http://en.wikipedia.org/wiki/Turtle_(syntax)
* RDF/JSON - good for scripting languaes: http://n2.talis.com/wiki/RDF_JSON_Specification

Being a simple entity-relation style model which names things with
URIs, RDF makes data integration (mashups!) fairly trivial.
The SPARQL query language would be available, and through it other
application-specific formats.

Immediate benefits would be the ability to hook up with existing
tools, e.g. Tim Berners-Lee's Tabulator data browser:
http://www.w3.org/2005/ajar/tab

- easy integration with linked data :
http://en.wikipedia.org/wiki/Linked_Data

Lots of programming APIs are available, here's a list of developer
tools (in need of updating):
http://www4.wiwiss.fu-berlin.de/bizer/toolkits/

Longer term, a big benefit would be that App Engine applications could
be on the Semantic Web out of the box.

Cheers,
Danny.

tijer

unread,
Apr 30, 2008, 9:28:49 AM4/30/08
to Google App Engine
So, how far are we to a public release?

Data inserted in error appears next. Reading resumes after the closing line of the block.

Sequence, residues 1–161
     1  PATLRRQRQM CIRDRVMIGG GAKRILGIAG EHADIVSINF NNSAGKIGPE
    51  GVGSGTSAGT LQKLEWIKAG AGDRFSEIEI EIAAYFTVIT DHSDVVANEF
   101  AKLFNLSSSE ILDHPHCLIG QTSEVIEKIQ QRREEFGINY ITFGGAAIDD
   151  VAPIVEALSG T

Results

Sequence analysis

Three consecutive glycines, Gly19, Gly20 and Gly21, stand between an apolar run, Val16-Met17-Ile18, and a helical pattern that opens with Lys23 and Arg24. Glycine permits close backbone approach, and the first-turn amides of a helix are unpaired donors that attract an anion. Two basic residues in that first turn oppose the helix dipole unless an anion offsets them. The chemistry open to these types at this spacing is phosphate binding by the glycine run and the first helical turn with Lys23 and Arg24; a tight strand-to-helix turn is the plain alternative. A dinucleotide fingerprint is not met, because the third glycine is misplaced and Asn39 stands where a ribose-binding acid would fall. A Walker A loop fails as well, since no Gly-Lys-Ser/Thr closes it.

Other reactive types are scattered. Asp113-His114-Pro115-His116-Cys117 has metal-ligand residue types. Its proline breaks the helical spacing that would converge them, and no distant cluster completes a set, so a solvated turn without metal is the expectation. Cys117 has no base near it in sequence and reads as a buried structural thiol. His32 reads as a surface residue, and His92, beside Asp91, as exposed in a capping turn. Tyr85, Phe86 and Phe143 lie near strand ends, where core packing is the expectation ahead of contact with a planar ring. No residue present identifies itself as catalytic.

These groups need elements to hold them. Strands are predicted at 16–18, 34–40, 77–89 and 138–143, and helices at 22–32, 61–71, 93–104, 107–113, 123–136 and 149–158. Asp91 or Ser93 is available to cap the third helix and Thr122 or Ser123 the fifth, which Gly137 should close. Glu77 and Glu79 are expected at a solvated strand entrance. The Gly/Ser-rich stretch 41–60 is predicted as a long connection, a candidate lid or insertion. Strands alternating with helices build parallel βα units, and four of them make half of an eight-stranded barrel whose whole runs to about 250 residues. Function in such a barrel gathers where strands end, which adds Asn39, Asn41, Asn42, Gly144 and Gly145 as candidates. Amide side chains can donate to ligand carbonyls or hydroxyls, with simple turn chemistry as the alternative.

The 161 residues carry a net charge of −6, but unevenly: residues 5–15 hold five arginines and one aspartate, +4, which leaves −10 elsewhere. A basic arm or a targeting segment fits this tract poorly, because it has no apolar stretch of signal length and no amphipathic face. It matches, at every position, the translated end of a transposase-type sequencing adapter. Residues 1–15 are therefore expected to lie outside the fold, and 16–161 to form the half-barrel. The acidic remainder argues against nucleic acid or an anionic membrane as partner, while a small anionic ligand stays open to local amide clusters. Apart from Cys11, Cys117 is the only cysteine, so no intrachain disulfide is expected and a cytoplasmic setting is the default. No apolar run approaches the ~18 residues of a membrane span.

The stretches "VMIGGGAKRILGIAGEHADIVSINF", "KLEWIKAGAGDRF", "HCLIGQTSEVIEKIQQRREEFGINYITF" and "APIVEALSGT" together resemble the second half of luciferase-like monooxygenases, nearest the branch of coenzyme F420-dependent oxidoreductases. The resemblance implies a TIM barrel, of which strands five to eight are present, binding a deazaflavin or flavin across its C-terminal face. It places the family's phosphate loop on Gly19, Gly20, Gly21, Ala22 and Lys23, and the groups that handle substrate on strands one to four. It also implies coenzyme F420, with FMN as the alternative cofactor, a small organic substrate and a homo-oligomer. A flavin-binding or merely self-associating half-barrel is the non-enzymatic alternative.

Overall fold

It would be great to have an exporter that would work well with the
(bulk) importer utility.

/

David Cifuentes

unread,
May 7, 2008, 4:03:33 AM5/7/08
to Google App Engine
My vote is for RDF. That can be the trigger for mainstream Semantic
Web. It is a lot more powerful than the other formats in terms of
structure of your data.

On 15 abr, 00:44, Pete <pkoo...@google.com> wrote:
> Getting large amounts of data from existing apps into the datastore
> can be a challenge, and to help we offer a Bulk Data Uploader. You
> can read more about this tool here:
>
> http://code.google.com/appengine/articles/bulkload.html
>

Brett Morgan

unread,
May 7, 2008, 4:44:02 AM5/7/08